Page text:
three

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three

1. the cardinal number that is the sum of two and one and is a prime number
2. a numeral, 3, III, (iii), representing this number
3. the amount or quantity that is one greater than two
4. something representing, represented by, or consisting of three units such as a playing card with three symbols on it

three

symbolizes good luck; most holy of all numbers. [World Culture: Jobes, 1563–1566]
References in classic literature ?
He got out two or three curtain-calico suits, which he said was meedyevil armor for Richard III.
The republican missionaries of Oahu cause to be gazetted in the Court Journal, published at Honolulu, the most trivial movement of 'his gracious majesty' King Kammehammaha III, and 'their highnesses the princes of the blood royal'.
I really believe," said he, "I could be fool enough at this moment to undertake any character that ever was written, from Shylock or Richard III down to the singing hero of a farce in his scarlet coat and cocked hat.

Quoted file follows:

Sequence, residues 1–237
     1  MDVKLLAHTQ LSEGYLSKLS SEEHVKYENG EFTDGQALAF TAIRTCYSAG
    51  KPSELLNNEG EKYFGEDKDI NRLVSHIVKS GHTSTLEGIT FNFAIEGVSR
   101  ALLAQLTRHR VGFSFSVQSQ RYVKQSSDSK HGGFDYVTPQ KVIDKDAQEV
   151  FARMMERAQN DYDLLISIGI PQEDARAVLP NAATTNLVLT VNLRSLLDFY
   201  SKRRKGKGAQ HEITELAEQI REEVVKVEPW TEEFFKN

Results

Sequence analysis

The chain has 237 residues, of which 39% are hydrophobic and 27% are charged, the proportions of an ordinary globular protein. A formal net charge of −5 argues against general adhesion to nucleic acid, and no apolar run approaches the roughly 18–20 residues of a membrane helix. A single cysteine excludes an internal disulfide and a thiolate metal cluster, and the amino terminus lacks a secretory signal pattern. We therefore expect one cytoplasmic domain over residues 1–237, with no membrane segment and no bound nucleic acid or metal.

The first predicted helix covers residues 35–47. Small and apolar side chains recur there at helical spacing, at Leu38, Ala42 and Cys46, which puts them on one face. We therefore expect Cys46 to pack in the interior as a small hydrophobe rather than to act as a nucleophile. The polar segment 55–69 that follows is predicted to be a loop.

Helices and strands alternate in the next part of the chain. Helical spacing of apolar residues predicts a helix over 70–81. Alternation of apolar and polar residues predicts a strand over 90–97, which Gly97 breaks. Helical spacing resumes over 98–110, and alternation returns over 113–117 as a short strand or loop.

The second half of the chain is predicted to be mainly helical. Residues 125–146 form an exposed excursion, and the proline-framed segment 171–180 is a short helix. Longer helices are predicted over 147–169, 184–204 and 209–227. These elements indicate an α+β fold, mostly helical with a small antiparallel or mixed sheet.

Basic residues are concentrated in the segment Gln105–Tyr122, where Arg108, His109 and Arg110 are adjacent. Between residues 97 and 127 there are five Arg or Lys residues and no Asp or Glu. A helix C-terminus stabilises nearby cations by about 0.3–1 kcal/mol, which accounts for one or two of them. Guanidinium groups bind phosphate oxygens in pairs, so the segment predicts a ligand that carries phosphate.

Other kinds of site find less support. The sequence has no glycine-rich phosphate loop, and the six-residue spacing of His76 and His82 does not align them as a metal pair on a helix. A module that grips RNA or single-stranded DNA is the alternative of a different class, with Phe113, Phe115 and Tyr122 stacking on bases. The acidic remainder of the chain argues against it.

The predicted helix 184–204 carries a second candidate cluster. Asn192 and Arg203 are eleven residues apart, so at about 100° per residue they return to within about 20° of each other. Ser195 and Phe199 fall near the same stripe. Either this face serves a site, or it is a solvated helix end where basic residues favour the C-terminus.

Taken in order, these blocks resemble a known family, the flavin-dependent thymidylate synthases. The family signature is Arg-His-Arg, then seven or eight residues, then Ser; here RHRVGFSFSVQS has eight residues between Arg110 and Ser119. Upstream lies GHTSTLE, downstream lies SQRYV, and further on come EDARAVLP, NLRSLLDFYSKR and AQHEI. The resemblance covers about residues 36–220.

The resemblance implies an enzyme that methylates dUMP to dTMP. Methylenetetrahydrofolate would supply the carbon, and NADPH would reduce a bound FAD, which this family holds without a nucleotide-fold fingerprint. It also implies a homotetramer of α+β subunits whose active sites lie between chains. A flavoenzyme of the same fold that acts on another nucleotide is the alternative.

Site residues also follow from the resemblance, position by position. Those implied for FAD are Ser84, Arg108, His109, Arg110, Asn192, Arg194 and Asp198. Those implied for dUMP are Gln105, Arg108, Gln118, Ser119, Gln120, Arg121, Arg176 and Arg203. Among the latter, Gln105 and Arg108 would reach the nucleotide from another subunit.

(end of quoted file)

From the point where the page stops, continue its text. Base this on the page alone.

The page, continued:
Tradition said that this house with the pointed gables was inhabited, in the time of Henry III.
After them came a long line of artillery; then more cavalry, in splendid uniforms; and then their imperial majesties Napoleon III and Abdul Aziz.
Napoleon III, the representative of the highest modern civilization, progress, and refinement; Abdul-Aziz, the representative of a people by nature and training filthy, brutish, ignorant, unprogressive, superstitious--and a government whose Three Graces are Tyranny, Rapacity, Blood.
Why was Napoleon III a criminal when he was taken prisoner at Boulogne, and why, later on, were those criminals whom he arrested?
Equally little does this view explain why for several centuries the collective will is not withdrawn from certain rulers and their heirs, and then suddenly during a period of fifty years is transferred to the Convention, to the Directory, to Napoleon, to Alexander, to Louis XVIII, to Napoleon again, to Charles X, to Louis Philippe, to a Republican government, and to Napoleon III.
In this way I became familiar with Shakespeare before I read him, or at least such plays of his as were most given in those days, and I saw "Macbeth" and "Hamlet," and above all "Richard III.
It started, directly, in the London palace of Henry III, and was the result of a quarrel between the King and his powerful brother-in-law, Simon de Montfort, Earl of Leicester.
In the time of Edward III England was England again, and the rulers were English both in heart and in name.
The middle of the fourteenth century was also the middle of the externally brilliant fifty years' reign of Edward III.